In this post I will share how to measure execution time easily in Node.js.

Many developers use JavaScript Date class in order to measure execution time. In the following example I will use setTimeout in order to simulate execution time.

var start = new Date();

setTimeout(function (argument) {
    // execution time simulated with setTimeout function
    var end = new Date() - start;"Execution time: %dms", end);
}, 1000);

And the output is like:

Execution time: 1002ms

Variable end is set a number of milliseconds which elapsed between setting start and end variables.

This approach is very popular, especially it can be used in any JavaScript program. Node.js, however, has more powerful mechanism to measure performance between intervals. It is process.hrtime() function which returns high-resolution real time in [seconds, nanoseconds] Array. The time Array is relative to an arbitrary time in the past (not related to the time of day) and therefore not subject to clock drifts.

Another advantage of process.hrtime() over the Date approach is better accurateness of measured intervals which is very important especially while measuring intervals which last less than a millisecond.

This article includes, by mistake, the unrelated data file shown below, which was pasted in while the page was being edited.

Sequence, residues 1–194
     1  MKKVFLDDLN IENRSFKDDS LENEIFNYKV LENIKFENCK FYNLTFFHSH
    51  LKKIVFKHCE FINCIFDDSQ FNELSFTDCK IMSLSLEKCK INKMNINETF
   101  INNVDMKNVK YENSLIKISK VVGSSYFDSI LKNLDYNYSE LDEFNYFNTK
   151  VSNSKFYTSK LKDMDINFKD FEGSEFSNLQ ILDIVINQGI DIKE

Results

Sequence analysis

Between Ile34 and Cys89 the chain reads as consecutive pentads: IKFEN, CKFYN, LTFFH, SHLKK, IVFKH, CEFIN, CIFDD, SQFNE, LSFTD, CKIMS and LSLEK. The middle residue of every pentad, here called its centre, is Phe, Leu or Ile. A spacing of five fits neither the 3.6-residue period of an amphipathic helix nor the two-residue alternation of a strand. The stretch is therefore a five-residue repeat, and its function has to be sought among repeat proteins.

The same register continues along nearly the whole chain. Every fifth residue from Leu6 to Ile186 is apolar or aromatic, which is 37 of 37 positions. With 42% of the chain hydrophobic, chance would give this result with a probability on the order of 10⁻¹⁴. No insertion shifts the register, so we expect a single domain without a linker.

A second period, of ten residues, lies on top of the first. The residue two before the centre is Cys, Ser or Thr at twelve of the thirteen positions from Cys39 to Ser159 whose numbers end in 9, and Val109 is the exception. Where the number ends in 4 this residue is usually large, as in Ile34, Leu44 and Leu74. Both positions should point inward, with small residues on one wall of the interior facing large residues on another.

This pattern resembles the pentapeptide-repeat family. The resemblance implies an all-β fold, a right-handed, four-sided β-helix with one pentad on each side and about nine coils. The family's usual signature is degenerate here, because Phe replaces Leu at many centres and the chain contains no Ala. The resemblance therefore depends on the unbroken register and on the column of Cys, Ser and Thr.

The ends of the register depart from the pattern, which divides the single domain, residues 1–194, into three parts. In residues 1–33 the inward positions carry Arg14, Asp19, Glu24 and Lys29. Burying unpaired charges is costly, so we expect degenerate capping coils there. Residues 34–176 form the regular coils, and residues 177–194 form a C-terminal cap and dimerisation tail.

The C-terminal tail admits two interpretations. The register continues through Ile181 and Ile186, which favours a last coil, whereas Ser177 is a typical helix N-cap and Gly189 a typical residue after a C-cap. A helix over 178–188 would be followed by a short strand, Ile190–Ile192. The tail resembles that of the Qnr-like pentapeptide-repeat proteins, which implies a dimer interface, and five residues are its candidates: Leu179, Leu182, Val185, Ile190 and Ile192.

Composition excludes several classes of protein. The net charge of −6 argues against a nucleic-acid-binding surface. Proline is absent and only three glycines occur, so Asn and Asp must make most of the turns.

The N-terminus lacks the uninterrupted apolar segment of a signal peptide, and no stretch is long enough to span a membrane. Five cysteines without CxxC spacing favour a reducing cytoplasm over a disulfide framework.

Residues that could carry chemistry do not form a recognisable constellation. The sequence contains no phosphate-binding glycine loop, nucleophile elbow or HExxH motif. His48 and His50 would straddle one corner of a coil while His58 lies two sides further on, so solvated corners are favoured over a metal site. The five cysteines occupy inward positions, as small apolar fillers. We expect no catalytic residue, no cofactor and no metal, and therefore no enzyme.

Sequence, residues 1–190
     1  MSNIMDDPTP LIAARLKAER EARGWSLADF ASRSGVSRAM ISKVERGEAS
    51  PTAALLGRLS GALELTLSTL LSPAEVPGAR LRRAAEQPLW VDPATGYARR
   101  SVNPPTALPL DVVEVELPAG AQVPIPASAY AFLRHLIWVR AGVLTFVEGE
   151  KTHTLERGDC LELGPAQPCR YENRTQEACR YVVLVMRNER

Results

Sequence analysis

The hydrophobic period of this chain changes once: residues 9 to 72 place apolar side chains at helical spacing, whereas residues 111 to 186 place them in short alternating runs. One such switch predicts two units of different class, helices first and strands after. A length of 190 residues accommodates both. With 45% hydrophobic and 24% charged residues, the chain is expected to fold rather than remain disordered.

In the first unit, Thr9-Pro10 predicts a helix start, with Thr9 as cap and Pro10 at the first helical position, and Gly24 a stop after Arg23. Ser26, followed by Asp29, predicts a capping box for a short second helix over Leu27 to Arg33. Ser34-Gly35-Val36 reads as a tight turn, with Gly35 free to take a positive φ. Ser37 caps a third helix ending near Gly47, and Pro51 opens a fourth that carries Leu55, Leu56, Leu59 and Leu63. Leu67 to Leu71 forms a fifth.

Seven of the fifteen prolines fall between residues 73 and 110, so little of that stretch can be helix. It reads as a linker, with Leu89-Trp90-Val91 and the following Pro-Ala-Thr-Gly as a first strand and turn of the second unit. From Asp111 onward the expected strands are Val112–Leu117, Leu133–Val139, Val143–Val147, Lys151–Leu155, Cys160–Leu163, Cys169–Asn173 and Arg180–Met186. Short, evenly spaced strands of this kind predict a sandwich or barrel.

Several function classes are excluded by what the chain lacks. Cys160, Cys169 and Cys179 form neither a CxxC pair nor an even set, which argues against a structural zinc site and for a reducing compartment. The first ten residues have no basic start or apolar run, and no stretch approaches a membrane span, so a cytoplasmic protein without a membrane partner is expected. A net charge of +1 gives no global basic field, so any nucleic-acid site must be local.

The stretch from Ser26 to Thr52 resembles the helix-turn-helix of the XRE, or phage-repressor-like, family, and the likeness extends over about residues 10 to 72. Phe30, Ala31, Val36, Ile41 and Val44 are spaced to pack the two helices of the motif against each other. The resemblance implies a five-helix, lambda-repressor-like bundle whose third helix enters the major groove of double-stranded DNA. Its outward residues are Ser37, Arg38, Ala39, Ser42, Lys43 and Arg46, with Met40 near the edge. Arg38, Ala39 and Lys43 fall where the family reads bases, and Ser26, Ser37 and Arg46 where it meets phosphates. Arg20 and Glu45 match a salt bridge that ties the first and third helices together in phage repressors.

Node that the second time tuple Array component is a number of nanoseconds and it has to be divided by 1,000,000 in order to get time in milliseconds.

In order to measure performance interval you have to provide time returned by first process.hrtime() call as a parameter to the second process.hrtime() call. Let's check the following example:

var start = new Date();
var hrstart = process.hrtime();

setTimeout(function (argument) {
    // execution time simulated with setTimeout function
    var end = new Date() - start,
        hrend = process.hrtime(hrstart);"Execution time: %dms", end);"Execution time (hr): %ds %dms", hrend[0], hrend[1]/1000000);
}, 1);

A few execution outputs:

Execution time: 1ms
Execution time (hr): 0s 1.025075ms

Execution time: 3ms
Execution time (hr): 0s 2.875302ms